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Theoretical and Applied Climatology

, Volume 132, Issue 3–4, pp 1153–1163 | Cite as

Towards bridging the gap between climate change projections and maize producers in South Africa

  • Willem A. LandmanEmail author
  • Francois Engelbrecht
  • Bruce Hewitson
  • Johan Malherbe
  • Jacobus van der Merwe
Original Paper

Abstract

Multi-decadal regional projections of future climate change are introduced into a linear statistical model in order to produce an ensemble of austral mid-summer maximum temperature simulations for southern Africa. The statistical model uses atmospheric thickness fields from a high-resolution (0.5° × 0.5°) reanalysis-forced simulation as predictors in order to develop a linear recalibration model which represents the relationship between atmospheric thickness fields and gridded maximum temperatures across the region. The regional climate model, the conformal-cubic atmospheric model (CCAM), projects maximum temperatures increases over southern Africa to be in the order of 4 °C under low mitigation towards the end of the century or even higher. The statistical recalibration model is able to replicate these increasing temperatures, and the atmospheric thickness–maximum temperature relationship is shown to be stable under future climate conditions. Since dry land crop yields are not explicitly simulated by climate models but are sensitive to maximum temperature extremes, the effect of projected maximum temperature change on dry land crops of the Witbank maize production district of South Africa, assuming other factors remain unchanged, is then assessed by employing a statistical approach similar to the one used for maximum temperature projections.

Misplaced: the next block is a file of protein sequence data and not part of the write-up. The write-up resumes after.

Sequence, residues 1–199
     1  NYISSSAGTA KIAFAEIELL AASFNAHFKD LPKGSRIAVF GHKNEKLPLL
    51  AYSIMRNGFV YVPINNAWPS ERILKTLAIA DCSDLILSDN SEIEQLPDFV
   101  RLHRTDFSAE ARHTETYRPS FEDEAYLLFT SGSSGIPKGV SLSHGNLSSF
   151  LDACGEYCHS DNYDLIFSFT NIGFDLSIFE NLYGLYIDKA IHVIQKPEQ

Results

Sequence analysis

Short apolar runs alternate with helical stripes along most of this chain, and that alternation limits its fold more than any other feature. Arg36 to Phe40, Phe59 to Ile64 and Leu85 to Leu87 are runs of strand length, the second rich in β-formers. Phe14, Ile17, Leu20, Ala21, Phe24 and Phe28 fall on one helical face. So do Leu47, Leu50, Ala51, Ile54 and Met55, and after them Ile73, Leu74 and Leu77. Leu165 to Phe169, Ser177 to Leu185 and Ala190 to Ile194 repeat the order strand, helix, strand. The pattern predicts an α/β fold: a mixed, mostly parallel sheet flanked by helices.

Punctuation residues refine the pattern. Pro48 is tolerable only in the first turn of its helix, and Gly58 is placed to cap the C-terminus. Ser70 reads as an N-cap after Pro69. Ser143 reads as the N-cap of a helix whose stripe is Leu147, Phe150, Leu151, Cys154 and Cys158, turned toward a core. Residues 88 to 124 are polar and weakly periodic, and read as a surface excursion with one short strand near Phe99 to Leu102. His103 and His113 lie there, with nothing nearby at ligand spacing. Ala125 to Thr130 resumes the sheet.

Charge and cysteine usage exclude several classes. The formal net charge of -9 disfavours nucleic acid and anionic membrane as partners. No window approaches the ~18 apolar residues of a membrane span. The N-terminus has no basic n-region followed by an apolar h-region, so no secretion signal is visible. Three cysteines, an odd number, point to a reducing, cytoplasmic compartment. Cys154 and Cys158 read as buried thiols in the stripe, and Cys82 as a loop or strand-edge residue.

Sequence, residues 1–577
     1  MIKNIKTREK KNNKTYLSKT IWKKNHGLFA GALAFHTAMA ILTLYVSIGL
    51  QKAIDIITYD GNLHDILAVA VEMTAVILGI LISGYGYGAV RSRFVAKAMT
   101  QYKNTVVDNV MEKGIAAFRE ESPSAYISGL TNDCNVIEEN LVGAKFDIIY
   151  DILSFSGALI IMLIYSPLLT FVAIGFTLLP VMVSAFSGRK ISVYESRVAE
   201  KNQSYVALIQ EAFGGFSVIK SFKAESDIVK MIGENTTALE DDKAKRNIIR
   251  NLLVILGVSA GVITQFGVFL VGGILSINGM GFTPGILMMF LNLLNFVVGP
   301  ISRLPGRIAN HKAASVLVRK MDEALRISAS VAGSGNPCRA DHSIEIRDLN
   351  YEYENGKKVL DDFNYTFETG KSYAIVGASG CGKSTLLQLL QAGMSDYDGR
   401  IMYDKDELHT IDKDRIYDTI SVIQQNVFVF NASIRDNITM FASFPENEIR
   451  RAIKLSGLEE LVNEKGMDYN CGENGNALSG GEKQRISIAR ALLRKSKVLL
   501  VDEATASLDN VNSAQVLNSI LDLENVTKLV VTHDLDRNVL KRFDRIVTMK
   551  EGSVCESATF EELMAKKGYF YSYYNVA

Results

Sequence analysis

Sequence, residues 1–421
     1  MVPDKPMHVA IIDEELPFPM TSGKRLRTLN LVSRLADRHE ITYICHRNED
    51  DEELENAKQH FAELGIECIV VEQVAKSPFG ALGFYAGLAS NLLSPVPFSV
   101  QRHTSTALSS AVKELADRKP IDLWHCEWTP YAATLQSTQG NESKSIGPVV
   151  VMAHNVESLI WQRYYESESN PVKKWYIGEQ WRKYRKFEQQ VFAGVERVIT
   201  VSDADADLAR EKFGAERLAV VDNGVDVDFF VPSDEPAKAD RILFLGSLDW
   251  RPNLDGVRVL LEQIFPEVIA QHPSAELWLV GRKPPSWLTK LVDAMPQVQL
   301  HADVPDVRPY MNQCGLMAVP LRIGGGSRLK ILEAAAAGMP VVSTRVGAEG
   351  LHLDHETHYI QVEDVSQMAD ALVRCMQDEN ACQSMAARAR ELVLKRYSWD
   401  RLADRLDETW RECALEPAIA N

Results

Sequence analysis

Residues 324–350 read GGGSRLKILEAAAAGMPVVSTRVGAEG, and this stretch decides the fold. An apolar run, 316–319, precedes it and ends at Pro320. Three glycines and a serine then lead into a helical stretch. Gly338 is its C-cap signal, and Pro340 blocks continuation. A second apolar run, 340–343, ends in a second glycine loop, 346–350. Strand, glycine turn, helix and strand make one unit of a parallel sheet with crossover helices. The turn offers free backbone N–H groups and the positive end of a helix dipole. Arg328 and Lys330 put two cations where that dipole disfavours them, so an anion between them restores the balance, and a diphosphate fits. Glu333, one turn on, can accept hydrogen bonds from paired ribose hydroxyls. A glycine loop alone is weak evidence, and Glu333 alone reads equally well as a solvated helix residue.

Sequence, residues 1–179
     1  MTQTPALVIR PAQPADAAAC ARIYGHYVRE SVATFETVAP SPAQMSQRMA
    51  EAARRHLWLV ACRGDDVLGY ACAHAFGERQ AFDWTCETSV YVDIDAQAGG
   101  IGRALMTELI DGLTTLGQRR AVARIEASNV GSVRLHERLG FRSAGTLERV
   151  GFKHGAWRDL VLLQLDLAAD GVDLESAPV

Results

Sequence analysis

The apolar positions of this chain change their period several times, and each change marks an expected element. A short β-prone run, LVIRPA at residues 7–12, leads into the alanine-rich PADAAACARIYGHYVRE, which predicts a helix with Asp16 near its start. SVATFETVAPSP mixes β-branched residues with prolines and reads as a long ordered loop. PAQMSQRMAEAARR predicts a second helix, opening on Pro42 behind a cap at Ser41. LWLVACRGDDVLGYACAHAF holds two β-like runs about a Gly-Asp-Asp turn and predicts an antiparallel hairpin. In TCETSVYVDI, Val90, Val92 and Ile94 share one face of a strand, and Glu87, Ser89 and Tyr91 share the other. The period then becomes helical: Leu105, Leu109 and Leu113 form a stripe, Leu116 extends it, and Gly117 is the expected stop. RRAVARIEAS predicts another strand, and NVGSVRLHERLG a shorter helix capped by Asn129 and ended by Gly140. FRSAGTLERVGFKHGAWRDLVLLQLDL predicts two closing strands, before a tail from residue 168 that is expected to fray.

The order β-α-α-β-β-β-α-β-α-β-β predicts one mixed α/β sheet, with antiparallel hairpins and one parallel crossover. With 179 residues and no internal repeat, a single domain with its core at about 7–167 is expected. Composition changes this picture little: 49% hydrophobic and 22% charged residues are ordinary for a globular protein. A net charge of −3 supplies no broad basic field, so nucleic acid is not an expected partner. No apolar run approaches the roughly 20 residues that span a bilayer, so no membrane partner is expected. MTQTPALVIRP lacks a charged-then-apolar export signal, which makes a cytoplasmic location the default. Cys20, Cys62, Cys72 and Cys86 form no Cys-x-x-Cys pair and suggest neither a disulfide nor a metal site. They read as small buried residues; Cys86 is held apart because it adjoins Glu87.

Notes

Acknowledgments

This material is based upon work partly supported financially by the National Research Foundation of South Africa and by the Applied Centre for Climate and Earth System Science.

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Copyright information

© Springer-Verlag Wien 2017

Authors and Affiliations

  1. 1.Department of Geography, Geoinformatics and MeteorologyUniversity of PretoriaPretoriaSouth Africa
  2. 2.Natural Resources and the EnvironmentCouncil for Scientific and Industrial ResearchPretoriaSouth Africa
  3. 3.Department of Geography, Archaeology and Environmental StudiesUniversity of the WitwatersrandJohannesburgSouth Africa
  4. 4.Climate System Analysis GroupUniversity of Cape TownCape TownSouth Africa

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